The Slave's Narrative

By Charles T. Davis; Henry Louis Gates Jr. | Go to book overview
Olaudah Equiano, or Gustavus Vassa, the African wrote, in The General Magazine and Impartial Review (July 1789), "This is 'a round unvarnished tale' of the chequered adventures of an African ...." (see appendix to vol.I of The Life of Olaudah Equiano, ed. Paul Edwards [ London: Dawsons of Pall Mall, 1969].

John Greenleaf Whittier, though stung once in his sponsorship of James Williams' Narrative, did not shrink from a second, similar venture, writing, in his "introductory note" to the Autobiography of the Rev.Josiah Henson (Mrs. Harriet Beecher Stowe's "Uncle Tom")—also known as Uncle Tom's Story of His Life From 1789 to 1879—"'The early life of the author, as a slave, ... proves that in the terrible pictures of 'Uncle Tom's Cabin' there is 'nothing extenuate or aught set down in malice'" ( Boston: B. B. Russell & Co., 1879, p. viii).

19.
Quoted by Philip S. Foner in the introduction to My Bondage and My Freedom, pp. xi-xii.
20.
Both quotations from Benjamin Quarles, " The Breach Between Douglass and Garrison," Journal of Negro History, XXIII ( April 1938), p. 147, note 19, and p. 154.
21.
The list is from Nichols' unpublished doctoral dissertation ( Brown University, 1948), " A Study of the Slave Narrative," p. 9.
22.
Black Boy: A Record of Childhood and Youth ( New York, 1966), p. 282.

Three West African Writers of the 1780s

PAUL EDWARDS

During the eighteenth century a considerable number of Africans in Britain became literate in English.In some cases they had come to Britain to receive special training, but they were usually household servants, and most of them either were, or had been, slaves.Some competence in written and spoken English was needed to enable them to carry out their household duties, and occasional teaching was sometimes provided, as recorded in this item from a contemporary book of accounts:

By paid James McKenzie, Schoolmaster of Huntly for Teaching the Black Boy Harry per Receipt Nine shillings sterling Due from the 5th of November 1760 to the first of February 1761, and from the 11th of May 1761 to the 27th of July 1762.1

-175-

Notes for this page

Add a new note
If you are trying to select text to create highlights or citations, remember that you must now click or tap on the first word, and then click or tap on the last word.
One moment ...
Default project is now your active project.
Project items

Items saved from this book

This book has been saved
Highlights (0)
Some of your highlights are legacy items.

Highlights saved before July 30, 2012 will not be displayed on their respective source pages.

You can easily re-create the highlights by opening the book page or article, selecting the text, and clicking “Highlight.”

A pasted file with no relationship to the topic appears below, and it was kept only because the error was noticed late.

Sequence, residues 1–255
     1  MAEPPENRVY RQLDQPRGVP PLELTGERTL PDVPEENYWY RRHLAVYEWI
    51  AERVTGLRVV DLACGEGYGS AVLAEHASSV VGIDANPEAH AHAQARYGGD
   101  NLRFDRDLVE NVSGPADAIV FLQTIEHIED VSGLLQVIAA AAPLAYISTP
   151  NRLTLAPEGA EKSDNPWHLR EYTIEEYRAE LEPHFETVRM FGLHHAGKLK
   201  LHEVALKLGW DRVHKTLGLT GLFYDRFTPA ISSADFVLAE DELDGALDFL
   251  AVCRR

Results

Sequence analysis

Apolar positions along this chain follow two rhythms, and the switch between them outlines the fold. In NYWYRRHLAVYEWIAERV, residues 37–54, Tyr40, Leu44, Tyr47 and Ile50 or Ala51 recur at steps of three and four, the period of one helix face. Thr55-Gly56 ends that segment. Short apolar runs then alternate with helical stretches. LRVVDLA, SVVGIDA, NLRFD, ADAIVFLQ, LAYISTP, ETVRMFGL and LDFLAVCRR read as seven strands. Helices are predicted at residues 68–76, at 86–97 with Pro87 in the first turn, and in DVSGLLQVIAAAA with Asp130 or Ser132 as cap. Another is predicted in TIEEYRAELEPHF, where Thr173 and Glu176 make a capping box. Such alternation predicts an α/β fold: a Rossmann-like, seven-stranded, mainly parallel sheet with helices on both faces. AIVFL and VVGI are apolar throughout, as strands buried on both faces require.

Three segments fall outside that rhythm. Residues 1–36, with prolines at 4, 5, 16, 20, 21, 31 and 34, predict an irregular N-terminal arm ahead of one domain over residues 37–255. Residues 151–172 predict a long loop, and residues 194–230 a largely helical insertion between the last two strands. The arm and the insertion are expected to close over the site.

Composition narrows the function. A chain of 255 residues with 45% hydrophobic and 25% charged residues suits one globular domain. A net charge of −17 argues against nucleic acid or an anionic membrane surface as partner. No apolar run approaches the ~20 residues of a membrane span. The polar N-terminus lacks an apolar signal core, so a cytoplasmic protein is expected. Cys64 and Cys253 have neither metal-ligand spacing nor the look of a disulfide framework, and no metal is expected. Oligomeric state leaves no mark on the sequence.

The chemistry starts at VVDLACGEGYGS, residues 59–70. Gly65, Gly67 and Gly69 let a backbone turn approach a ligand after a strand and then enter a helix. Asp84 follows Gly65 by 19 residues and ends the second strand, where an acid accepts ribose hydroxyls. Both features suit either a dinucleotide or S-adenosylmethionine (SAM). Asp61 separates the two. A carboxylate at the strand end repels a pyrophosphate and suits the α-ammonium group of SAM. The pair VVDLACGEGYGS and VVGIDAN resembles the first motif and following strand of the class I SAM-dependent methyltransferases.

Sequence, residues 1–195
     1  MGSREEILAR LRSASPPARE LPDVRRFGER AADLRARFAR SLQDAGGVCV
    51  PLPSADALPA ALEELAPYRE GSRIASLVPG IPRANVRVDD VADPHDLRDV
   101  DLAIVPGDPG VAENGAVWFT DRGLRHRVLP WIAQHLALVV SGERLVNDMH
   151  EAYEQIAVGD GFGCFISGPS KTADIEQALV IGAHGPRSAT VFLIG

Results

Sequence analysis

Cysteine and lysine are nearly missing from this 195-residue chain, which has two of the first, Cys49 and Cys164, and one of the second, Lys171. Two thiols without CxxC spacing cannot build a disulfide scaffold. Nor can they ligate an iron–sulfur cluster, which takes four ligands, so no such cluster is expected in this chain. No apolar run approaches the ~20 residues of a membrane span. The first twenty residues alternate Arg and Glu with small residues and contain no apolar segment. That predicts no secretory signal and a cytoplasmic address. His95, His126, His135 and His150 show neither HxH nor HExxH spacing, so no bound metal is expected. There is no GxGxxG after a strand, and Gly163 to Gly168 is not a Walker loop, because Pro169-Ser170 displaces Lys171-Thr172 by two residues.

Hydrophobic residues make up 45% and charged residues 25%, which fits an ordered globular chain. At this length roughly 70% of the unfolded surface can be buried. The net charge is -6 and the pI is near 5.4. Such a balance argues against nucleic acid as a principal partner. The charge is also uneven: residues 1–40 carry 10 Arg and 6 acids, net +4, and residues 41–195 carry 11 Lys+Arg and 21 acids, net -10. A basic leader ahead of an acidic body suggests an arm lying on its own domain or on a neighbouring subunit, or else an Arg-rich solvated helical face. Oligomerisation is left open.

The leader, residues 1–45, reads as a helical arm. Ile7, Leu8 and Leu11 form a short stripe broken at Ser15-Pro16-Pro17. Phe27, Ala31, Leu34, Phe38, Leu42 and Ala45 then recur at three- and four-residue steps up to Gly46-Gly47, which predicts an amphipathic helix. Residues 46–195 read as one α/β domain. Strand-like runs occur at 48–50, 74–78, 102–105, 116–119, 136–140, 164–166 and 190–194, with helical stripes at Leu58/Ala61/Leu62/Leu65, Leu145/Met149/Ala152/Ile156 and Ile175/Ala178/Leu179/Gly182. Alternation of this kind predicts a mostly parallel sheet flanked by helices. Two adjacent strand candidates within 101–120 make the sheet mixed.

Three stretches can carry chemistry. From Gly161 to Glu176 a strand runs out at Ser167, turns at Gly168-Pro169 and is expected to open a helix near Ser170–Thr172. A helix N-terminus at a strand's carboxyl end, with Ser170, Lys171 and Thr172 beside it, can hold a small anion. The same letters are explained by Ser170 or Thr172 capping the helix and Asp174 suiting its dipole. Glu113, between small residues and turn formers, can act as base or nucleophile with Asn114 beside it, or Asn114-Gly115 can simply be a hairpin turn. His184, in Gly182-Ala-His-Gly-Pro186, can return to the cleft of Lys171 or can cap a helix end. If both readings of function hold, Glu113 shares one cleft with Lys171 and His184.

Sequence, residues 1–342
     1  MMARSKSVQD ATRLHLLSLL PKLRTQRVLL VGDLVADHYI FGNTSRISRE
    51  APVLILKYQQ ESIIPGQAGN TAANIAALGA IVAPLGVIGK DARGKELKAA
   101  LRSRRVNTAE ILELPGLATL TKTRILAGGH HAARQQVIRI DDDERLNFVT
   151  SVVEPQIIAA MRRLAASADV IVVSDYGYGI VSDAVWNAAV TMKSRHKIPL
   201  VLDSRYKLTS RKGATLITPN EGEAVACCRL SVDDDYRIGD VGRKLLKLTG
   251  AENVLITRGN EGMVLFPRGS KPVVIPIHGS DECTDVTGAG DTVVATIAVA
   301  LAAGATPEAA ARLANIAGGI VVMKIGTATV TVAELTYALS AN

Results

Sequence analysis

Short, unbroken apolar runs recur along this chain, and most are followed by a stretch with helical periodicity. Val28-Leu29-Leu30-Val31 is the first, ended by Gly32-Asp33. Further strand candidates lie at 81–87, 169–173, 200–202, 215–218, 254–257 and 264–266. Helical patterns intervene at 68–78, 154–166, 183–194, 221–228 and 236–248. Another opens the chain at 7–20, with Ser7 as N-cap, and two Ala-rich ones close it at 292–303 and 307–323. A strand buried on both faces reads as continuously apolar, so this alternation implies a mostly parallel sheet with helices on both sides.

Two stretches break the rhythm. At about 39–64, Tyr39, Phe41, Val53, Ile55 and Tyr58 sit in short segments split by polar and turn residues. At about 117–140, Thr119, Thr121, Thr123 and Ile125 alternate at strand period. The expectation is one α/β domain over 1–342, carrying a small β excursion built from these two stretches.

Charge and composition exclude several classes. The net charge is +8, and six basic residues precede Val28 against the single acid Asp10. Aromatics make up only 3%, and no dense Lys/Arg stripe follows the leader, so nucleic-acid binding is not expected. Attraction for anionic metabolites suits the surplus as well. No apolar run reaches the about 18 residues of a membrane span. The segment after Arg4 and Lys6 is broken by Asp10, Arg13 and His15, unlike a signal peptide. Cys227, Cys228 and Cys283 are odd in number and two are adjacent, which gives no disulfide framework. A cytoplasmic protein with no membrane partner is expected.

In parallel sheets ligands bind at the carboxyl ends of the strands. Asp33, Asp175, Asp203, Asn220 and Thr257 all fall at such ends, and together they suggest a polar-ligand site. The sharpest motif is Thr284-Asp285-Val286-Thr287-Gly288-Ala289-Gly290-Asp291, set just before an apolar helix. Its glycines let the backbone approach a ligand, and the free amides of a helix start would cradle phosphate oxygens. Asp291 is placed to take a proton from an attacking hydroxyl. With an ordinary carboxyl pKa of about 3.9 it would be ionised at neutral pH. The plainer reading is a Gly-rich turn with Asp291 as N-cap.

Citations (0)
Some of your citations are legacy items.

Any citation created before July 30, 2012 will labeled as a “Cited page.” New citations will be saved as cited passages, pages or articles.

We also added the ability to view new citations from your projects or the book or article where you created them.

Notes (0)
Bookmarks (0)

You have no saved items from this book

Project items include:
  • Saved book/article
  • Highlights
  • Quotes/citations
  • Notes
  • Bookmarks
Notes
Cite this page

Cited page

Style
Citations are available only to our active members.
Buy instant access to cite pages or passages in MLA, APA and Chicago citation styles.

(Einhorn, 1992, p. 25)

(Einhorn 25)

1. Lois J. Einhorn, Abraham Lincoln, the Orator: Penetrating the Lincoln Legend (Westport, CT: Greenwood Press, 1992), 25, http://www.questia.com/read/27419298.

Cited page

Bookmark this page
The Slave's Narrative
Table of contents

Table of contents

Settings

Settings

Typeface
Text size Smaller Larger Reset View mode
Search within

Search within this book

Look up

Look up a word

  • Dictionary
  • Thesaurus
Please submit a word or phrase above.
Print this page

Print this page

Why can't I print more than one page at a time?

Help
Full screen
/ 342

matching results for page

    Questia reader help

    How to highlight and cite specific passages

    1. Click or tap the first word you want to select.
    2. Click or tap the last word you want to select, and you’ll see everything in between get selected.
    3. You’ll then get a menu of options like creating a highlight or a citation from that passage of text.

    OK, got it!

    Cited passage

    Style
    Citations are available only to our active members.
    Buy instant access to cite pages or passages in MLA, APA and Chicago citation styles.

    "Portraying himself as an honest, ordinary person helped Lincoln identify with his audiences." (Einhorn, 1992, p. 25).

    "Portraying himself as an honest, ordinary person helped Lincoln identify with his audiences." (Einhorn 25)

    "Portraying himself as an honest, ordinary person helped Lincoln identify with his audiences."1

    1. Lois J. Einhorn, Abraham Lincoln, the Orator: Penetrating the Lincoln Legend (Westport, CT: Greenwood Press, 1992), 25, http://www.questia.com/read/27419298.

    Cited passage

    Thanks for trying Questia!

    Please continue trying out our research tools, but please note, full functionality is available only to our active members.

    Your work will be lost once you leave this Web page.

    Buy instant access to save your work.

    Already a member? Log in now.

    Author Advanced search

    Oops!

    An unknown error has occurred. Please click the button below to reload the page. If the problem persists, please try again in a little while.